At 3:33 PM 1/10/06, JC Dill wrote:
>>>Received: from mail.pshift.com (MAIL.pshift.com [22.214.171.124]) by
>>> f05n16.cac.psu.edu (8.12.11/8.12.11) with ESMTP id
>>> <firstname.lastname@example.org>; Tue, 10 Jan 2006 11:39:57 -0500
>>>Received: from mungedusername (unverified [126.96.36.199]) by mail.pshift.com
>>> (Vircom SMTPRS 4.2.425.24) with SMTP id
>>> <B0228138434@mail.pshift.com>; Tue, 10 Jan 2006 11:39:41 -0500
>>>Received-SPF: softfail (mail.pshift.com: domain of transitioning
>>> email@example.com does not designate 188.8.131.52 as
>>> permitted sender)
>I don't know that much about SPF - I was wondering if anyone else has
>encountered this and if this is working correctly?
No, this is not working correctly. The folks at pshift.com are
morons. The SPF check, done by their own server, on mail received
from their client, is failing.
Their published SPF record is
v=spf1 mx ip4:184.108.40.206/24 ip4:220.127.116.11/24 ip4:18.104.22.168 ~all
That tells the world that mail claiming to be from pshift.com should
be delivered by a server in one of those IP ranges. And in this
case, the mail delivered to psu.edu from pshit's server at
22.214.171.124 would pass an SPF check, if psu bothered to check it,
since it's in the 126.96.36.199/24 range. But the check isn't being
done by psu. It's being done by pshit's server when it receives the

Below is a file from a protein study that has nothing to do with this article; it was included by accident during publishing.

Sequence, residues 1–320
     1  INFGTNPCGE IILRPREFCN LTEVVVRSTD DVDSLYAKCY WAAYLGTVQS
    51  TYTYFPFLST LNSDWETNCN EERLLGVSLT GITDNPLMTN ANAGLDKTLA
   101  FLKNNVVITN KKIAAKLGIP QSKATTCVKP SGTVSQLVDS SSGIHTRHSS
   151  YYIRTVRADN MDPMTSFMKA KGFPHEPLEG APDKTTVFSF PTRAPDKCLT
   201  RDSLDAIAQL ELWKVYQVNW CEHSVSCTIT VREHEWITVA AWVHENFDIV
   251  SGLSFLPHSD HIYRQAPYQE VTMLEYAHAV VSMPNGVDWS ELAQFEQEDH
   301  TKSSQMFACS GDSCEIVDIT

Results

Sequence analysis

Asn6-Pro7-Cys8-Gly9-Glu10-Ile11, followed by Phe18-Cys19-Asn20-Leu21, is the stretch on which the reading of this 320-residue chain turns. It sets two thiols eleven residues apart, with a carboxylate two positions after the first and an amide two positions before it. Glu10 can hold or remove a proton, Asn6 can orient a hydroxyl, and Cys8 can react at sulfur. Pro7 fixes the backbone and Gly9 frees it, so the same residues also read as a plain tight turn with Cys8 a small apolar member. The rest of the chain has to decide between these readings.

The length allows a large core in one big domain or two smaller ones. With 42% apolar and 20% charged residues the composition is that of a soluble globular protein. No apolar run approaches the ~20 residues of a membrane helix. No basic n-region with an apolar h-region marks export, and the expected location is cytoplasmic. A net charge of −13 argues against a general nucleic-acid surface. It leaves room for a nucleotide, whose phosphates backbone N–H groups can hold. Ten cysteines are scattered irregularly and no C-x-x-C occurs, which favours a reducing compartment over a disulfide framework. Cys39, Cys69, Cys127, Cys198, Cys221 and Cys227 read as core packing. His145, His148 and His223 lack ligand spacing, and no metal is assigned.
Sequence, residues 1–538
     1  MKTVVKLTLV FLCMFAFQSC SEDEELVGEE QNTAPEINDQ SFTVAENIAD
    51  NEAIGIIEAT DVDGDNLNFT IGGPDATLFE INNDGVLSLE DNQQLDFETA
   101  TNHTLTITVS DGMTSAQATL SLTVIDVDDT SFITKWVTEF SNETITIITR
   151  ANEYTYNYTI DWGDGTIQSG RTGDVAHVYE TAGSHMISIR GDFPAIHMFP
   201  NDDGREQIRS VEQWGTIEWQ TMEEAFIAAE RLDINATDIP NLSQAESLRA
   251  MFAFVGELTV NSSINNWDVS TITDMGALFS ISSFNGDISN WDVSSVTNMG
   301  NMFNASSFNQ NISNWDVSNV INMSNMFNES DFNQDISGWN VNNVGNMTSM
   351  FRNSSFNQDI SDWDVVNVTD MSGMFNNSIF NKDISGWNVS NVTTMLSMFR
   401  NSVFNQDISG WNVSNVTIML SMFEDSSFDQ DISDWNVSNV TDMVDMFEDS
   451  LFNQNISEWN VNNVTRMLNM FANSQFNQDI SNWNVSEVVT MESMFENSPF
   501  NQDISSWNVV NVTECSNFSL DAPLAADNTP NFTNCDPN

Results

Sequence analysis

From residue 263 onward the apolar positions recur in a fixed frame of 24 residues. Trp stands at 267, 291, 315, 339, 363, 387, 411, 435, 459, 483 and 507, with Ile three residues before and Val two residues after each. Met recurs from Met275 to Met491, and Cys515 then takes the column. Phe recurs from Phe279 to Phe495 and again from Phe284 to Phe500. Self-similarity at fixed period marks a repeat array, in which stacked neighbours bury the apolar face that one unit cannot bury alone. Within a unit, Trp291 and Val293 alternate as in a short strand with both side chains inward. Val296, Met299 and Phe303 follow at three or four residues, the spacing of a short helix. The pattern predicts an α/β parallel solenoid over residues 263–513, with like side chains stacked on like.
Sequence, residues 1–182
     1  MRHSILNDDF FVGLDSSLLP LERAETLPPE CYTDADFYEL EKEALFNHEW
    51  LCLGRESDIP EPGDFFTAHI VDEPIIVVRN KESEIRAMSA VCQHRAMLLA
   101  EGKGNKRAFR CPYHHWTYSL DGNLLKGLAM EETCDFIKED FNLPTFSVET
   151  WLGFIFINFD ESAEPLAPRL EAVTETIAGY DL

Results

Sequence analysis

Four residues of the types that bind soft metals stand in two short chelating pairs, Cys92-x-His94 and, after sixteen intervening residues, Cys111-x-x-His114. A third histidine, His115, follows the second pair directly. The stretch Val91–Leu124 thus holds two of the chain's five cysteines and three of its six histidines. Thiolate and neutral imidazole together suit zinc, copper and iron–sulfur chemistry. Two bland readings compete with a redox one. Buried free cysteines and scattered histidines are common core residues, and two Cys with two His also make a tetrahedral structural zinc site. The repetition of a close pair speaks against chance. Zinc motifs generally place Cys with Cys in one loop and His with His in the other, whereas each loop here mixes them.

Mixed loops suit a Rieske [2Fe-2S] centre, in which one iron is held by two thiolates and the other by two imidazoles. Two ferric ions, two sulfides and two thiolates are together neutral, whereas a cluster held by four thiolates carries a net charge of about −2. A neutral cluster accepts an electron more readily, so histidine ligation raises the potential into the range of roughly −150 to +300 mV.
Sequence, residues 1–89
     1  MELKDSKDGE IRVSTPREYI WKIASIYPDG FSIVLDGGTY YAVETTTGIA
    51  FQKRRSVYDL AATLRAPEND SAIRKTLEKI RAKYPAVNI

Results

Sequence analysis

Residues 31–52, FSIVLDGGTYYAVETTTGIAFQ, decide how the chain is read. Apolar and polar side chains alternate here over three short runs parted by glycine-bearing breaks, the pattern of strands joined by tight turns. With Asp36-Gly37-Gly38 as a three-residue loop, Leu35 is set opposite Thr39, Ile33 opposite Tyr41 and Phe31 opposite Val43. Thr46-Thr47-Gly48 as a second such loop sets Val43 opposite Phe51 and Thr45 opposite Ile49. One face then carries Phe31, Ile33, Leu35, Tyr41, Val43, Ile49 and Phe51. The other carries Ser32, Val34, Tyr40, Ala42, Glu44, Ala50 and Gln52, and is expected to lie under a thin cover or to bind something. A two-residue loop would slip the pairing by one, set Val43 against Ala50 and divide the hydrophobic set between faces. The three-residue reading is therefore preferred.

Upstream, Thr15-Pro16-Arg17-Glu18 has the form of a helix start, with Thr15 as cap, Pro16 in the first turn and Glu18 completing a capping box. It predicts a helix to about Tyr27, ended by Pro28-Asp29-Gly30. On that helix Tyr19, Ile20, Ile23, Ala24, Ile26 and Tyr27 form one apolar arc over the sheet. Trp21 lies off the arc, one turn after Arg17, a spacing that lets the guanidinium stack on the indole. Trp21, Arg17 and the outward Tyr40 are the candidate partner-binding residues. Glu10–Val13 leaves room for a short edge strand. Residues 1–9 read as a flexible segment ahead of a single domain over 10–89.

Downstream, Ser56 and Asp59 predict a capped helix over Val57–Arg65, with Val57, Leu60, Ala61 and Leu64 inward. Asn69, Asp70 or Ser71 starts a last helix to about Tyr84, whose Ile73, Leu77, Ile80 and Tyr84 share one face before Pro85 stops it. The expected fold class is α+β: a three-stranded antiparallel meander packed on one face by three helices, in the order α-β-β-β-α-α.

mail from the client. They shouldn't be SPF-checking within their
>Could SPF settings
>be causing messages like this to be classified as spam and if so to then
>result in messages from the list being classified as spam?
It shouldn't. The SPF failure didn't occur on a message FROM the
list. It was on a message from the individual subscriber TO the
list. When mail is received FROM the list, if the receiving server
does SPF checking, they should check the sending server's IP address
(which would presumably be somewhere at psu.edu) against any
published SPF information for lists.psu.edu. And, since psu.edu
doesn't publish any SPF information, no server in the world should
SPF-fail any of their mail.
However, based on this, and from the message posted from the
subscriber about her discussion with pshit's chief of IT, it's
obvious that they shouldn't be in the ISP business. There's no
telling what other moronic stuff they might be doing with the mail
when it gets back to them.